What’s the difference between print and digital PR? And why does it matter for your business?
Many businesses struggle when it comes to deciding on the best kind of PR campaign to pursue.
Which method of PR will give me the most bang for my buck? How do I know if the PR is working? Who should I trust? So many questions when a company is wanting to start their PR journey.
Since PR coverage gained in print newspapers and magazines is more traditional, many brands assume it is much more valuable than digital media coverage. We have seen many businesses start their tech PR journey with their hearts set on featuring in the Guardian or Telegraph.
However, not only is this often the most difficult type of coverage to achieve, it is not necessarily the most valuable PR opportunity for every brand.
Let’s take a look at the differences between print and digital media coverage, as well as how to tell which is most important for your business.
Benefits of print PR
1. You can easily reach your local target audience
For example, a radio appearance might play in one location: your city or region. A paper will go to households in a select number of suburbs.
2. The materials can be kept
The audience can have a hard copy of materials of which they can read or browse through over and over again.
3. It’s easy to understand
It can be easily understood by most people because they are already exposed to this kind of strategy.
Disadvantages of print
1. You have little interaction with your audience
Print media provides information to the public, not growing a relationship. Digital is more effective for encouraging conversation and debate.
2. Print can be very costly
While the cost of printing and distributing newspapers and magazines is usually absorbed by the publisher, this can push costs up when it comes to sponsored content or advertorials. Not only that, but the number of consumers paying for print media is still on the decline, which can affect the number of views your PR coverage receives.
3. Results are hard to measure
It’s harder to measure how far your paper PR has actually reached compared to a digital trail.
Benefits of digital PR
1. Global reach
You can target a local audience, but also an international one. You can tailor your campaign to specific demographics gender, location, age and interests.
2. Your audience can choose how they want to receive your content
While one person likes to read a blog post, another person likes to watch a YouTube video. Print PR doesn’t give the audience a choice. Online people get the choice on what they want to read and can be more specific and directional in their search.
3. Interaction with your audience
Social media networks are social meaning interaction is encouraged. You can encourage your followers to take action like visiting your website to find out more.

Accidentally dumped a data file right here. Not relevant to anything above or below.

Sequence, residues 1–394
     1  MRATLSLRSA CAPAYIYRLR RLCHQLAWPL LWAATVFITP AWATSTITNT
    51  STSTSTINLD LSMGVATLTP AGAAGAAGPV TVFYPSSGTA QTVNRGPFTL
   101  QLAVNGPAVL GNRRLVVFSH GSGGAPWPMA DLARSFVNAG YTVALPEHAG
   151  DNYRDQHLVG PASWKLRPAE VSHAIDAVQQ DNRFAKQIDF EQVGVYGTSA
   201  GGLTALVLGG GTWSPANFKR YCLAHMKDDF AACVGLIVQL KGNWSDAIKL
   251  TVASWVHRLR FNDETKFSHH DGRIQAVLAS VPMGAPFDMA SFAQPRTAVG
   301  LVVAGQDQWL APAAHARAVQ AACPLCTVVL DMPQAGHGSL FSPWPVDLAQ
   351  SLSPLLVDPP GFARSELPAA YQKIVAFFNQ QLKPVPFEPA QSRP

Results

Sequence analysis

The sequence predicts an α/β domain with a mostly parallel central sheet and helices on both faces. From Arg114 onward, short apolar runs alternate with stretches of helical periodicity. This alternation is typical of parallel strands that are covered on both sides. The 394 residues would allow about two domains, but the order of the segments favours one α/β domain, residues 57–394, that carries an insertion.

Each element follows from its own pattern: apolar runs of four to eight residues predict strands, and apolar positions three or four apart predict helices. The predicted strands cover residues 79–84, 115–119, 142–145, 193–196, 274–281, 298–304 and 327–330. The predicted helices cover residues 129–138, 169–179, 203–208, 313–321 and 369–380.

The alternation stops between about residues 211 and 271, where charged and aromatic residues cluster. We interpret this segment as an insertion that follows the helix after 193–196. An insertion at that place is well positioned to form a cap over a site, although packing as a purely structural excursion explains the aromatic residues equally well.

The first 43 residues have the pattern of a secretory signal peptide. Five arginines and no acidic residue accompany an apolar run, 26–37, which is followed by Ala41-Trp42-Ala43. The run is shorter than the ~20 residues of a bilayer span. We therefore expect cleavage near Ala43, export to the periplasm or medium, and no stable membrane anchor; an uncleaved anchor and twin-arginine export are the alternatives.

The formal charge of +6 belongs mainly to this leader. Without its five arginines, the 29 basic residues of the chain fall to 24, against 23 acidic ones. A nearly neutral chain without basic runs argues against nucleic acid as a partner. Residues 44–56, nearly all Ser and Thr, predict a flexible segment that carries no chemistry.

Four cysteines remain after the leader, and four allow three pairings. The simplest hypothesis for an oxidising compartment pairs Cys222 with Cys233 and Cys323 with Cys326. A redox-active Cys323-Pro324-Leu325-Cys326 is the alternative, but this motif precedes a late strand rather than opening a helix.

4. Digital marketing is cost-efficient
Although there is the option to pay for extra social reach and engagement. Digital PR has a very lost cost, meaning it’s a possibility for small businesses and startups.
5. Data and results are easily recorded
Google Analytics and insight tools offered by social media channels or the publication, you can check on your campaigns at any time. Unlike print PR, you can see in real time what is or is not working for your business. Meaning you can adapt very quickly to improve your results.
6. Level playing field
Any business can compete with any competitor regardless of size. Traditionally a startup may struggle to match the finesse of large corporations. With digital PR it gives any startup or any size company a chance to be seen.
7. Quick Results
You don’t have to wait weeks for a boost to your business. You can see the numbers of visitors to your site and its subscribers increase immediately. You can get quick results and find out if what you’re doing is working or not and be able to tailor for the next stage.
How often does a paper get passed around by colleagues and friends? Share buttons on your website or publication enables your message to be shared quickly.
The average Facebook user has 190 friends of which an average of 12% sees their liked posts – your one message has actually been seen by 15 new people. If some them like and share your message and their friends do the same? That’s why high-quality content is so important.
So what form of PR is actually the best?
Using both styles of PR would be optimal for a truly far-reaching campaign. Although we are passionate about digital PR because we know that it works well for digital brands, we do use traditional PR too.
A 2009 study conducted by Bangor University used fMRI to study the different effects of paper and digital.
Some of their key conclusions were:
Physical material is more “real” to the brain. It has a meaning and a place. It is better connected to memory because it engages with its spatial memory networks.
Physical material involves more emotional processing, which is important for memory and brand associations.
Physical materials produced more brain responses connected with internal feelings, suggesting greater “internalisation.
As the years have gone on we have seen a rise in the digital transformation within PR. As an agency, we pride ourselves on staying current and sticking seeing the trends. This means we now tend to favour digital PR as the rise of impact can be seen.
We think the best idea is to talk to a PR expert, understand your business goals and see what will help you achieve them.
Still have questions about print or digital PR? Get in touch!